L or P plates correctly displayed at start of journey‘, which in all honesty could happen. There is ‘on medical grounds‘, where the driver was helping a victim into a hospital. There will always be a grey area that we in all honesty must deal with. These are the parking fines and there are a few more valid reasons, but some are just out there. I felt a lot less lenient when it comes to speeding. You see, there is always that joker who thinks he is in control and when speeding goes wrong, he refuses to die for the sake of it, but will have killed someone else. When we read that: “X (name removed) was jailed for eight months for causing death by careless driving“, I wonder why that person is not spending life in jail for murder. the quote “Believing they were walking ‘deliberately slowly’, she engaged the clutch and revved the engine of her Honda Civic to scare them off the road while her car was still moving at around the 30mph speed limit” gives additional feelings of anger. These pedestrians were at a pedestrian crossing? 8 months jail and a two year ban is all she had to do, which in my book seems just wrong.

It is the quote “We are opposed to speed cameras in general. The evidence of their success in promoting safety is not good and in reality what is happening now is that the police are using speed cameras to fund their other activities through speed awareness courses.” by Roger Lawson, a spokesman for the Alliance of British Drivers (ABD) that gives additional concern. Perhaps these measures do not go far enough?

It is currently stated that if you are caught speeding then you will be handed an absolute minimum punishment of three penalty points and a fine of £100. How about making that four penalty points and a fine of £200? Also during special times, like Easter, Christmas and so on, the demerits double, making the driver extra careful. Next we see that ‘if you accrue 12 points on your licence within a three-year period‘, should then in honesty become ‘if you accrue 24 points on your licence within a two-year period‘ the driving ban should be no less than 24 months, no matter how essential your driving license is. If someone states that this is too draconian, then I personally agree as well, but many acts do not change the mind of the driver now, so why not give them something to fear. It seems that public transportation frightens them a lot.

What do we get from this?

That is indeed the question. It seems that a total disregard for parking and speeding rules is getting out of hand, and whilst it seems unfair to some, this is also a possible way to stop congestion. It also stops a little pollution, so we do get a double whammy on this front.

This all gets me to Law and Morality by John Gardner (at http://users.ox.ac.uk/~lawf0081/pdfs/lawmoralityedited.pdf). It should seem clear that my approach is ‘aim to serve the common good (Finnis 1980: 276)‘ and ‘aim to justify coercion (Dworkin 1986: 93)‘. There is no denial that this is about coercing the driver to abide by the rules. We should at that point also consider how unjust the laws of traffic are (if that is the raised issue). But is it?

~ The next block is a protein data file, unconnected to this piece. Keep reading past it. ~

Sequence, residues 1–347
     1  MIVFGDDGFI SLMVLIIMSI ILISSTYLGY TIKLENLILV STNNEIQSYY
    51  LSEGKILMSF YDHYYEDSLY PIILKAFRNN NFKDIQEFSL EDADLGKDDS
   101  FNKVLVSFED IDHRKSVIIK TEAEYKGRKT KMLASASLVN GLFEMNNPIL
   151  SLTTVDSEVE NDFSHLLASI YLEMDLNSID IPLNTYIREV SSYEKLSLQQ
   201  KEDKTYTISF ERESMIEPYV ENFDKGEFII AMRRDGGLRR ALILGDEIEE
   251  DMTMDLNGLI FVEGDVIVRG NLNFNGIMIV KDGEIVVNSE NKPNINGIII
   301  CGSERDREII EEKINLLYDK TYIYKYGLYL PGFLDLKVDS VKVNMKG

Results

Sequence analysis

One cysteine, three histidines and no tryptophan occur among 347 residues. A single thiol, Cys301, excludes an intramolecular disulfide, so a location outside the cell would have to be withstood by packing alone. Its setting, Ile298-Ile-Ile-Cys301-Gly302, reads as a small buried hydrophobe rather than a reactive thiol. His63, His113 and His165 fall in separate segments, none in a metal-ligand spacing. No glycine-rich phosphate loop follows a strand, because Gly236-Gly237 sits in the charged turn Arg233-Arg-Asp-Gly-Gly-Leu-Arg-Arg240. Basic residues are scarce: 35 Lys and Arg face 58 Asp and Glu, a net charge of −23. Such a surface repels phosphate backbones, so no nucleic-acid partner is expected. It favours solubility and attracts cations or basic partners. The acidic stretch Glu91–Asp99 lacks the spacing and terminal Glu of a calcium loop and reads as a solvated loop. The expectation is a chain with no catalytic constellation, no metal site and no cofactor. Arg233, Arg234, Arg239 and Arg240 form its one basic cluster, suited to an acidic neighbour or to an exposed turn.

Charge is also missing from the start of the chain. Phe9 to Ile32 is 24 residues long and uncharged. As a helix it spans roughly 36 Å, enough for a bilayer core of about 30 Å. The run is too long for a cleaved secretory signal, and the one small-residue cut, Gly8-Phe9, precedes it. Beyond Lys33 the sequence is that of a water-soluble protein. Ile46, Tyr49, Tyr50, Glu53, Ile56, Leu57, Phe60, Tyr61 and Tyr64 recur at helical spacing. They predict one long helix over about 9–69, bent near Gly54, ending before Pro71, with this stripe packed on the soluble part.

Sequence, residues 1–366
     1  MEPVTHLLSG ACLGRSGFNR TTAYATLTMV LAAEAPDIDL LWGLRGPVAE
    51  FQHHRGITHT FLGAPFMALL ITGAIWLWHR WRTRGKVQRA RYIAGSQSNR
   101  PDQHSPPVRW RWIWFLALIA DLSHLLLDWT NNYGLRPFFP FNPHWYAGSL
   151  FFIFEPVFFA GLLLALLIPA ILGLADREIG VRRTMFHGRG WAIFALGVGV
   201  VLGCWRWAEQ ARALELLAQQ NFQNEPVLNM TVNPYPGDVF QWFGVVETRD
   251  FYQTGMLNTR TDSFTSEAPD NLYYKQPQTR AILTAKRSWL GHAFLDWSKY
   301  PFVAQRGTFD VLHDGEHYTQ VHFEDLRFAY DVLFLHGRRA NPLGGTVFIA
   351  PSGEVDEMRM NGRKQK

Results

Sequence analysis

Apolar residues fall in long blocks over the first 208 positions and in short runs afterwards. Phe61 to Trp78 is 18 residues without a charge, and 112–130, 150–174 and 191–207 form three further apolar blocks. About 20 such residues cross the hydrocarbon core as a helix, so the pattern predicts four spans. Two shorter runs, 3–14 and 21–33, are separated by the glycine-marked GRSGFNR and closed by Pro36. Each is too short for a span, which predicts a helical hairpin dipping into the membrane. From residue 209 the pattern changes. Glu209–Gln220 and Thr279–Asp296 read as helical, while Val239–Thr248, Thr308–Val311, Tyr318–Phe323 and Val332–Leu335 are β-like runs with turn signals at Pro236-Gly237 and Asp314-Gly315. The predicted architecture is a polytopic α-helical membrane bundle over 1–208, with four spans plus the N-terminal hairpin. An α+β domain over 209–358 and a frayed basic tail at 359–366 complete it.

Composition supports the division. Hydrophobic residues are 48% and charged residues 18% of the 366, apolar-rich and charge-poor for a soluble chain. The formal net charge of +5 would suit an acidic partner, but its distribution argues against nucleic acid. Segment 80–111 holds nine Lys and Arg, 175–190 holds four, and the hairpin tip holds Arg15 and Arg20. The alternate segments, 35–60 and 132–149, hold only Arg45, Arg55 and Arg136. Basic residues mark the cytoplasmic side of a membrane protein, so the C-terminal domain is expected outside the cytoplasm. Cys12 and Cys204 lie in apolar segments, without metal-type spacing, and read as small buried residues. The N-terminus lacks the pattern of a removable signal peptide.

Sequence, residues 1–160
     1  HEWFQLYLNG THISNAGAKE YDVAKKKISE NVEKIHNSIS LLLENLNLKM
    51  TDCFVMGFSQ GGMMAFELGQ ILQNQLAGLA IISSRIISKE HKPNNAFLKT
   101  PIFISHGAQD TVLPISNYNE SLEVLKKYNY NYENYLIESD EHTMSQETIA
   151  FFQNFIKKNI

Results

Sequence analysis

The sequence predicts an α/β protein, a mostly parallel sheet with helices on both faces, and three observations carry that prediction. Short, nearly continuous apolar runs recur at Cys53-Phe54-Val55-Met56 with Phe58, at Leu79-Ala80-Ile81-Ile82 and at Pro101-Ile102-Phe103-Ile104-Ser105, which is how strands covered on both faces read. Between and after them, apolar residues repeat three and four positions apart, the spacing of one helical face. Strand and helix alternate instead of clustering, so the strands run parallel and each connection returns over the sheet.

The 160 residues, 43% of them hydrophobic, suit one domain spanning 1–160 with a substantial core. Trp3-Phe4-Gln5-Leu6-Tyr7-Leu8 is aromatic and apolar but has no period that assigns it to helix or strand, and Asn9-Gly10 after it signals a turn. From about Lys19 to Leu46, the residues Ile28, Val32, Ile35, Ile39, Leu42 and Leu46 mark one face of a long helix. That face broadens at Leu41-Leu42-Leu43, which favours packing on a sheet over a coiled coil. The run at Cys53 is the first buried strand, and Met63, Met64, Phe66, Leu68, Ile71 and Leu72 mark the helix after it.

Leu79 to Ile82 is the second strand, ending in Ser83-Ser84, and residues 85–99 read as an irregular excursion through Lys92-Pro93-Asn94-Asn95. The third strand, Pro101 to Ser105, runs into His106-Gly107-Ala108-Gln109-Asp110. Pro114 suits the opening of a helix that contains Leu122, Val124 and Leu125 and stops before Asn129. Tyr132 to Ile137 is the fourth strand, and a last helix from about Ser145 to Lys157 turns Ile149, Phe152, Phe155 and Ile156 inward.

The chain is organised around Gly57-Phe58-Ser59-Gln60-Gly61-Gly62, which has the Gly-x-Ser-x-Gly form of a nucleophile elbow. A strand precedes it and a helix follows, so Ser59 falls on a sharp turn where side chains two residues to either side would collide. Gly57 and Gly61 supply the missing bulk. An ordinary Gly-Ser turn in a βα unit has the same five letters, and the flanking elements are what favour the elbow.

How often could you not park because someone had taken the spot that was rightfully yours? How often have you or someone you directly known to be in almost direct danger because of someone speeding? When a population above a certain level states yes to both (as it currently seemed to be the case), should these laws not change to something more draconian?

Is it not so, that in my imaginary change, we are changing the premise that we all have a right to drive a car, into the premise that driving a car is becoming a privilege for those abiding by the set rules? Is this not deprivation of freedom? We are to some extent already imposing those rules to pilots, considering the lack of accidents there, should we not take the same approach with car drivers? Should we not pass a certain parameter to be considered a driver? We demand skills to many environments that are a lot less hazardous, so why not car drivers? You see, as I see it, the car industry had forever been an open field as it was so lucrative to sell to so many people. Now, with the saturation we see, cars are almost too available and gas prices go through the roof. What if it becomes a privilege? What if the car driving population goes down by 20%? Cars might not become cheaper, but gas certainly will as there is a 20% less need. Public transportation will suddenly get a massive boost and the chance that all this reflects on higher safety standards and less need for emergency aid is also a good thing. We will always need emergency services, but consider that they will have on the emergency services. Here is where I got surprised. When we consider the numbers (at http://www.hscic.gov.uk/catalogue/PUB13040/acci-emer-focu-on-2013-rep-V2.pdf), we see that in the UK the response for ‘Road traffic accidents accounted for 1.4 per cent of type 1 department attendances in 2012/13‘. That was a number I did not expect to see, so am I looking in the wrong direction? When we look at https://www.gov.uk/government/uploads/system/uploads/attachment_data/file/255125/road-accidents-and-safety-quarterly-estimates-q2-2013.pdf, we see a rolling statistic of 1785 killed and 23,530 regarded as killed or seriously injured, which makes the Accident and Emergency (A&E) data in England a slight question. Especially as we regard page 17 of that PDF and the spread of the traffic cases on page 22. Well, No! The numbers make perfect sense; it just shows that the 23,000 are well spread over the timeline; it is just that these 23,000 are in the end only 1.4%. Yes, in case you wonder, I did notice they are not all from the same frame, but we see only a few percent change over these time frames, so that overall the picture is still usable for the most, just that the relief for Accident & Emergency would be minimal (alas). I had hoped that the traffic changes would lessen their work a lot more.